Diana Renn, Diana Renn writes contemporary novels for young adults featuring globetrotting teens, international intrigue, and more than a dash of mystery. TOKYO HEIST, LATITUDE ZERO and BLUE VOYAGE are all published by Viking Children’s Books / Penguin Young Readers Group. She is also the Fiction Editor at YARN (Young Adult Review Network), an award-winning online magazine featuring short-form writing for teens.
The Occupational Hazards of a Travel Mystery Writer
Like many people, I rarely take a true vacation anymore. It’s hard for most
of us to disconnect from our work, even in remote locations, despite our
best intentions. Yet arguably this problem is even more of an occupational
hazard for me. Here’s the thing. Even when I completely unplug from my
electronic devices, as a writer of travel mysteries I cannot escape my work.
Early in the process of writing each book, one of the first things I
research is crime in the area about which I’m writing. I read the U.S.
Department of State website for information about each country in order to
understand the dominant types of crime, especially as they may impact
American travelers. I scour online newspapers to learn about foreign
citizens who have run into trouble abroad—partly to avoid a “ripped from the
headlines” story in my work, and partly to get ideas that I might cobble
together into a different kind of story. I memorize safety precautions in
travel guidebooks to the regions. I research criminal networks to learn how
they are organized, and I try to understand law enforcement and government
procedures, and what an American – especially one under age eighteen – might
do if she found herself in some kind of hot water. Finally, I study online
travel forums, from the Lonely Planet Thorn Tree to TripAdvisor, to learn
firsthand from real tourists what kinds of harrowing experiences folks have
encountered. (Poisoned from pesticides! Mugged and left for dead in a ditch!
Conned by a charming man posing as a tour guide!)
Inevitably, family vacations occur when I’m at some point in the process of
writing a book. I may look like I’m lounging in a pool chair, but I’m really
plotting out crimes and trying to get my sleuths in and out of some kind of
trouble. Sometimes I’m even writing notes.
Even when I’m not working out plot points, I’m definitely not relaxing. How
could I watch my child drift perilously close to the water jets in the pool
when I just read about how children have been sucked into pool drains – and
how resort officials in this country have covered up such incidents,
obscuring investigations? How could I not sit up straighter, with one hand
on the door handle, when the taxi driver is veering away from the mall and
into a dicey neighborhood?
I’m not only vigilant about the potential for crime, I’m constantly on the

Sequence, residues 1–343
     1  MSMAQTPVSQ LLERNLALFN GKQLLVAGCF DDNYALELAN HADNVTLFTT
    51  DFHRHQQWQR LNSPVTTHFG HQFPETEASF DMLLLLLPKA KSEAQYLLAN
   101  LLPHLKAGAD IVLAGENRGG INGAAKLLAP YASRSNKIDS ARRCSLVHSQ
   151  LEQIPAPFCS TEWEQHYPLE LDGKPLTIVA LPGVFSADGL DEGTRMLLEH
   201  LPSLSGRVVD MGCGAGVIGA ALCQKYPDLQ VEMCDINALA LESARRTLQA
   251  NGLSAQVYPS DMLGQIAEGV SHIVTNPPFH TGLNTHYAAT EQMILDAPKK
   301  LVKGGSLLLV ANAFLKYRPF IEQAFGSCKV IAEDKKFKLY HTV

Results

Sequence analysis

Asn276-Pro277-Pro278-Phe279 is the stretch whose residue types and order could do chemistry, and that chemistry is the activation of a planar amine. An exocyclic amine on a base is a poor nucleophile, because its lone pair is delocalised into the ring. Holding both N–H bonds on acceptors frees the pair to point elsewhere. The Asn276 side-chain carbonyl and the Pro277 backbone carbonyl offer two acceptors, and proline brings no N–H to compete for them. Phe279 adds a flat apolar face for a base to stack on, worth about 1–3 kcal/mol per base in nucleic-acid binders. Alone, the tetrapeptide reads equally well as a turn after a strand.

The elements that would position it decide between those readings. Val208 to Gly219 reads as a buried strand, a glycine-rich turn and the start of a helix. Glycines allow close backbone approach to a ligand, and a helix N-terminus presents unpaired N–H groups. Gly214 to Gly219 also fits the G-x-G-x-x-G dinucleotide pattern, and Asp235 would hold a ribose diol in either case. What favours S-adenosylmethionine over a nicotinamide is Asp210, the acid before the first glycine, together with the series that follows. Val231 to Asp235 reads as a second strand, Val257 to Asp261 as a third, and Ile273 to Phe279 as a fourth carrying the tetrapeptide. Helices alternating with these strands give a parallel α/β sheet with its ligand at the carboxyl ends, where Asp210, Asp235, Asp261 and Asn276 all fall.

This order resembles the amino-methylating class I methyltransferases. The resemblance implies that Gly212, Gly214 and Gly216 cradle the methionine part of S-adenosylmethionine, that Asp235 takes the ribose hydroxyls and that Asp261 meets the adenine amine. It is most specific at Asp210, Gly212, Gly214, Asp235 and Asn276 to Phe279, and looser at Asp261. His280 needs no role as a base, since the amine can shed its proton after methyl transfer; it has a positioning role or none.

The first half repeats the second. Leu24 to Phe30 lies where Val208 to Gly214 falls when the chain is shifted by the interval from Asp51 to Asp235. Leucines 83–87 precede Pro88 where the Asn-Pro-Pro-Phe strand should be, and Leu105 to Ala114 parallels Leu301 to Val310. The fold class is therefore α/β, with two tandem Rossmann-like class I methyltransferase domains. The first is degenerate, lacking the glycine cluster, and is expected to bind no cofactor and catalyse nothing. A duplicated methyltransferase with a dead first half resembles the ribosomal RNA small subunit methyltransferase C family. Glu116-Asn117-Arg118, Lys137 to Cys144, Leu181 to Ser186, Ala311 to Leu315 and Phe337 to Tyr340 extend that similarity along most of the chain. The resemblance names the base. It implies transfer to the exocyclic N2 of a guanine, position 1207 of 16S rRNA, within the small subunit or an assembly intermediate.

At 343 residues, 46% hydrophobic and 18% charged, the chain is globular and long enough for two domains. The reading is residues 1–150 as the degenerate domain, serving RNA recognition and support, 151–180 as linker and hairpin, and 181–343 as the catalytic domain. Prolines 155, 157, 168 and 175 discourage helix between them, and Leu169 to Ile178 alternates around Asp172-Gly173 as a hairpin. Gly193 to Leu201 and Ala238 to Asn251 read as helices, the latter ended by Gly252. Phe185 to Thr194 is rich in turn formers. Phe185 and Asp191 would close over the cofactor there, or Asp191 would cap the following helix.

lookout for new story ideas. My husband is pointing out the sunset over the
water, and I’m imagining how someone might get pushed off the dock, and why,
and by whom. My child points out the hot-looking car speeding down the
highway, and I’m wondering who’s driving the getaway vehicle, and what
they’re fleeing from. MY family hears a marching band; I hear the police
sirens. Other people might settle back in their seats for the long bus ride,
but I have one eye on the driver, wondering when he might swerve and plunge
into a ravine, taking a dark secret over a cliff and the rest of us right
along with him. I smell smoke somewhere – a barbecue? Or arson? And the
partying kids who keep us awake in the hallway of our hotel? Are those
shrieks of glee – or of horror?
Training my mind to the potential for crime and danger might not make me the
best traveling companion, but I hope it makes me a better writer.
Understanding dangers, recent crimes, and law enforcement procedures, before
I even begin writing, helps me to hone in on the type of crime and criminals
I want to write about. For my books, I try to pick a crime or criminal
elements that aren’t merely sensationalistic. For example, laced drinks in
Turkey can be a problem for tourists – especially the type of tourists who
might find themselves in a bar – and can lead to a certain kind of paranoia.
However, it doesn’t happen all the time, and for my teen characters in Blue
Voyage, who aren’t going to nightclubs and restaurants, being poisoned by a
drink is less of an overt concern. More likely, their brushes with criminals
would include theft or encounters with con artists.
I also try to connect the criminal element with some deeper issue that my
young sleuth is going to work through in the book. For Blue Voyage, I became
interested in smuggling networks and the issue of fraud since Zan herself is
preoccupied with the issue of authenticity. Not only must she locate and
identify an authentic artifact, she is trying to excavate her authentic self
after years of maintaining a certain kind of appearance.
I’ve come to accept that seeing danger everywhere is a necessary part of my
job. And I’m grateful that becoming so alert to danger hasn’t put me off of
far-flung vacations. (Although I have gradually become convinced that
purchasing trip insurance isn’t a bad idea). I’ll always want to travel, and
am already planning my next trip. Maybe I’ll see you on the beach, or a
plaza, or in the crowds at a museum. Maybe I’ll even save your life! Because
one thing I’m sure of is when you’re traveling, anything can happen.
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